Hegel deals with the logic of appearance in the second part of the doctrine of essence, which, in my view, is the most impressive and exciting portion of the Science of Logic. I take it that when Zizek talks about the "two appearances" he's talking about the standard conception of essence in which we encounter a plurality of particular entities, say three cats, recognize that something is common and abstract an essence.

In the first move of the doctrine of essence, Hegel discusses how being has passed over into what he calls "schein", which Miller poorly translates as "illusory being". This term has connotations of "appearing", "deception", "hiddenness" and so on. So the idea is that in the move from the doctrine of being where things are *just brutely there* (like Roquentin's tree roots in Sartre's _Nausea_), in essence entities now appear split from within or to contain something in excess of themselves calling for us to discover a deeper ground. For instance, someone says something to me or makes a slip of the tongue and I don't simply take the words at face value as brute reality, but as containing some deeper, hidden ground that would account for why these words *appeared* in the way that they did.

Your post on analysis might shed a little light on this point. Prior to the first session you didn't pay all that attention to your speech (or maybe you did). Yet you describe how suddenly you found yourself very self-conscious of all the words tumbling out of your mouth, as if they might be saying something else. Your speech had moved from simple being, to the level of schein and essence. Now you're in a pursuit of a ground of all these strange occurances, something that can only be detected *through* the appearances but which is somehow also more fundamental than the appearances.

In my view, Hegel's account of essence is so fascinating and exciting because it gives a purely immanent account of essence. That is, where traditionally we are told that there's an ontological divide between essence and exist, with the most radical version of this split being the vulgar reading of Plato's two-world hypothesis (appearances versus forms) Hegel argues that essence is immanent to existence itself, that it is somehow in the appearances. To Lacanian ears, of course, this idea of schein, of appearances hiding something or containing something in excess of themselves, sounds a good deal like agalma or objet a. Things get really exciting as Hegel moves on to his discussions of Ground and Existence, where essence begins to sound a hell of a lot like network systems and complex systems. For instance, in an important addition or Zusatze, Hegel writes that, "The term 'existence' (derived from existere) points to a state of emergence, and existence is being that has emerged from the ground and becoming reestablished through the sublation of mediation... Ground is the unity of identity and distinction, and as such it is at the same time the distinguishing of itself from itself... What we have here is therefore also to be found in the ordinary consciousness: when we consider the ground of something, this ground is not something abstractly inward, but is instead istelf an existent again. So, for instance, we consider the ground of a conflagration to be a lightning flash that set a building on fire, and similarly, the ground of the constitution of a people is their customs and circumstances in life. This is the general shape in which the existent world is presented initially to reflection, namely, as an indeterminate multitude of existents which, being reflected simultaneously into themselves and into something else, are in mutual relationship of ground and grounded with regard to each other" (Geraets Translation, 193).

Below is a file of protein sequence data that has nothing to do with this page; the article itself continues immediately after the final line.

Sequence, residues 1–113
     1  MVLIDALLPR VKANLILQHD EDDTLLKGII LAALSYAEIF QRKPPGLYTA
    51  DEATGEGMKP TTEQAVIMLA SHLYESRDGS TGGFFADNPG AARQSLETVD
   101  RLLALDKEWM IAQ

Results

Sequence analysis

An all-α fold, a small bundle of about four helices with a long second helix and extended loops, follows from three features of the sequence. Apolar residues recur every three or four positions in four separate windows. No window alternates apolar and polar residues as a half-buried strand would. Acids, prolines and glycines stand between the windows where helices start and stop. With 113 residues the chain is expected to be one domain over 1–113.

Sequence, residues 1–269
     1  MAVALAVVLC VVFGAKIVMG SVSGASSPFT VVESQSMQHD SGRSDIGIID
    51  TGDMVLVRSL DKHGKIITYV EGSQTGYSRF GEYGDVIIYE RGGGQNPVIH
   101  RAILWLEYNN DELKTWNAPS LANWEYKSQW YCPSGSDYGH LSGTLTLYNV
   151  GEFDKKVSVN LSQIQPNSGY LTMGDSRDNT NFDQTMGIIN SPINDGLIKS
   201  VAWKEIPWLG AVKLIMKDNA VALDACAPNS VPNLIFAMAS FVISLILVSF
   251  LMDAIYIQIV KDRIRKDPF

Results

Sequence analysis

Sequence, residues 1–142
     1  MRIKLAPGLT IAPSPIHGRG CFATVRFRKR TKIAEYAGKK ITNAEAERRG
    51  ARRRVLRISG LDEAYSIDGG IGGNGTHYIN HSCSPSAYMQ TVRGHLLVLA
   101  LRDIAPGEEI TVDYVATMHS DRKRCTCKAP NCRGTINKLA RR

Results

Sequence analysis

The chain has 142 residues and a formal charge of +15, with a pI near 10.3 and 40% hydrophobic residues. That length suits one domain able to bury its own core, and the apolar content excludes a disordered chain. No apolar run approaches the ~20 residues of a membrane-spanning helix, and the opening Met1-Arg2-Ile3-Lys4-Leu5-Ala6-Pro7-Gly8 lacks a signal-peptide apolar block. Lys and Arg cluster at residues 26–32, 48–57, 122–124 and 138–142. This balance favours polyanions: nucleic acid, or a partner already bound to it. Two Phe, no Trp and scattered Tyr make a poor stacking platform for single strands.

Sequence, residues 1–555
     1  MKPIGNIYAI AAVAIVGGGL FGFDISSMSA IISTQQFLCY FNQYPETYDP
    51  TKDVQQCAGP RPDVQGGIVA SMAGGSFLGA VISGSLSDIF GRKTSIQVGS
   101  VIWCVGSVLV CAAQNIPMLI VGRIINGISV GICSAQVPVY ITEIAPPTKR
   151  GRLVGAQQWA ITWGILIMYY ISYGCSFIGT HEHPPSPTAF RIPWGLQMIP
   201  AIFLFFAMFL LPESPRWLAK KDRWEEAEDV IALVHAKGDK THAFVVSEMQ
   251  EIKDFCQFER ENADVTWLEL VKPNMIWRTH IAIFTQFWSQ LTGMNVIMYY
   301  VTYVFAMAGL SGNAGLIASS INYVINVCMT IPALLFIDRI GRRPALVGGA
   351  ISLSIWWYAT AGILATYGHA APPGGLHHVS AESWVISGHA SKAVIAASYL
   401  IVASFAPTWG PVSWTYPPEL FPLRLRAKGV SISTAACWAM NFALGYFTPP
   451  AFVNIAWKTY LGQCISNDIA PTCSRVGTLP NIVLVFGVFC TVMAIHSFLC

Hegel here seems to be talking about interdependence. Thus, for instance, in a passage I'm having difficulty finding, he talks about society being a product of its citizens and citizens being a product of society in endless feedback loops. In each case there's a process of distinguishing itself from itself. This totality of grounds becomes what Hegel calls "essence", which strikes me as quite distinct from the notion of essence as form.

I think all of this would be the monkey-wrench in my critique of Zizek's materialism. Zizek would remain at the level of an epistemological position if he remained Kantian and drew a sharp distinction between phenomena and the thing-in-itself. However, Zizek's Hegelianism allows him to undermine the opposition between phenomena and the in-itself, showing how the in-itself always shines through the phenomena or appearance. Hegel's position here-- fitted with appropriate bells and whistles --becomes a sort of materialism. The big challenge for Zizek, then, becomes how to think Hegel as a thinker of the "not-all" or of constitutive incompleteness.

Apologies for the endless rambling.

The comments to this entry are closed.

My Photo